“They say it’s your birthday
It’s my birthday too, yeah
They say it’s your birthday
We’re gonna have a good time
I’m glad it’s your birthday
Happy birthday to you.”

Art for a Birthday – Marc Chagall: “Birthday”

A Birthday Poem

“A Happy Birthday”
By Ted Kooser

This evening, I sat by an open window
and read till the light was gone and the book
was no more than a part of the darkness.
I could easily have switched on a lamp,
but I wanted to ride this day down into night,
to sit alone and smooth the unreadable page
with the pale gray ghost of my hand.

A Happy Birthday To – Soren Kierkegaard:

Danish philosopher and author born 5 May 1813.

Art for a Birthday – Pierre-Auguste Renoir: “Luncheon of the Boating Party”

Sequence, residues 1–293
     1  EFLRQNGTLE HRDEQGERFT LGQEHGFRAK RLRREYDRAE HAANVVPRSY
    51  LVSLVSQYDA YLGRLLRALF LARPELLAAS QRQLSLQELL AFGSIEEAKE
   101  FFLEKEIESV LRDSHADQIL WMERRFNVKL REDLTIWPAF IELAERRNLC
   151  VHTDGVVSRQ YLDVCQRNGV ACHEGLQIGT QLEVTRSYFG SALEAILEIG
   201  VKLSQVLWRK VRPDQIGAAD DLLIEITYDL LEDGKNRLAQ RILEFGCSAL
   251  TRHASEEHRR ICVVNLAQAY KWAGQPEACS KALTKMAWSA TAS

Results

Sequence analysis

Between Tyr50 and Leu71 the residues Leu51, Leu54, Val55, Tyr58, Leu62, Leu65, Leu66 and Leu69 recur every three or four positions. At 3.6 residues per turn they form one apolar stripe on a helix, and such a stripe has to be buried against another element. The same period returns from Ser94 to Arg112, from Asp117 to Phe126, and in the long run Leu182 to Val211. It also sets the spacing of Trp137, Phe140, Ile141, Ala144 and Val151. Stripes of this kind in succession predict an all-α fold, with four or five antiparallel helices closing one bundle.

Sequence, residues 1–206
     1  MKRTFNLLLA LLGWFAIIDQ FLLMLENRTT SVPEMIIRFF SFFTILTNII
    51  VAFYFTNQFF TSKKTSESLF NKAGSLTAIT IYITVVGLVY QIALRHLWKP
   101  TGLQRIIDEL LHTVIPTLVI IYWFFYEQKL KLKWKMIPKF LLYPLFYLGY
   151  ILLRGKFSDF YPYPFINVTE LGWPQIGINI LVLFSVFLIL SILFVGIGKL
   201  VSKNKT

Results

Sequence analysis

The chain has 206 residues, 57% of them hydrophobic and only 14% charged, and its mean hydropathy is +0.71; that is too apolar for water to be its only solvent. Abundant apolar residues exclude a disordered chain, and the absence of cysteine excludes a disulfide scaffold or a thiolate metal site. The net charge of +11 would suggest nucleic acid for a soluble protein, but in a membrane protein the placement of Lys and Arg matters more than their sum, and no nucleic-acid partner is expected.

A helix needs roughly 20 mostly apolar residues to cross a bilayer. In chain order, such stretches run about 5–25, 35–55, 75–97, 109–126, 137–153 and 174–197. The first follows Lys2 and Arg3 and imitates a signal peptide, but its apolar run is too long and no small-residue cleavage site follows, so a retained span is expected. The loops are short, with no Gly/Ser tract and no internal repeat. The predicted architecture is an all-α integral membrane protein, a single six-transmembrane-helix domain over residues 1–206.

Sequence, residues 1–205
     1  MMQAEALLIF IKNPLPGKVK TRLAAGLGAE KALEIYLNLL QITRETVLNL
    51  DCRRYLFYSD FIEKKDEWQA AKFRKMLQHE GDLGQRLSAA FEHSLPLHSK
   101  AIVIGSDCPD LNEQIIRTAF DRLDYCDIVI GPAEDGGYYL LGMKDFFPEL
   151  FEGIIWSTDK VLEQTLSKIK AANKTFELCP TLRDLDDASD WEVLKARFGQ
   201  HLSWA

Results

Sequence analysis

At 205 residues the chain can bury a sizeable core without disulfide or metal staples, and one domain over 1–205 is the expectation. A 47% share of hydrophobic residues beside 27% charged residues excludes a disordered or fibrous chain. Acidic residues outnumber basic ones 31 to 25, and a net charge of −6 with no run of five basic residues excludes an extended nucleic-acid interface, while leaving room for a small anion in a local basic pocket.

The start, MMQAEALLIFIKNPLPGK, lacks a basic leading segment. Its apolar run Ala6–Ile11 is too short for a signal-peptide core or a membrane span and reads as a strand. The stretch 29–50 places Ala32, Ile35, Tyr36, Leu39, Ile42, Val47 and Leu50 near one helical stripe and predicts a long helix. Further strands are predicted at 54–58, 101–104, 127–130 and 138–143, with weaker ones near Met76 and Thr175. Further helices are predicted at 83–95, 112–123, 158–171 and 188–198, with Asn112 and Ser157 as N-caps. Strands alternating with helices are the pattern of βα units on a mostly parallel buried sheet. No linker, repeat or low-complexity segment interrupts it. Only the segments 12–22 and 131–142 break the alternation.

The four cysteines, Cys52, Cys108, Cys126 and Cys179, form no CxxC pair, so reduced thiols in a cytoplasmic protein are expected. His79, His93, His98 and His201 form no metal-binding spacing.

A Second Birthday Poem

“Ninetieth Birthday”
By R. S. Thomas

You go up the long track
That will take a car, but is best walked
On slow foot, noting the lichen
That writes history on the page
Of the grey rock. Trees are about you
At first, but yield to the green bracken,
The nightjars house: you can hear it spin
On warm evenings; it is still now
In the noonday heat, only the lesser
Voices sound, blue-fly and gnat
And the stream’s whisper. As the road climbs,
You will pause for breath and the far sea’s
Signal will flash, till you turn again
To the steep track, buttressed with cloud.

And there at the top that old woman,
Born almost a century back
In that stone farm, awaits your coming;
Waits for the news of the lost village
She thinks she knows, a place that exists
In her memory only.
You bring her greeting
And praise for having lasted so long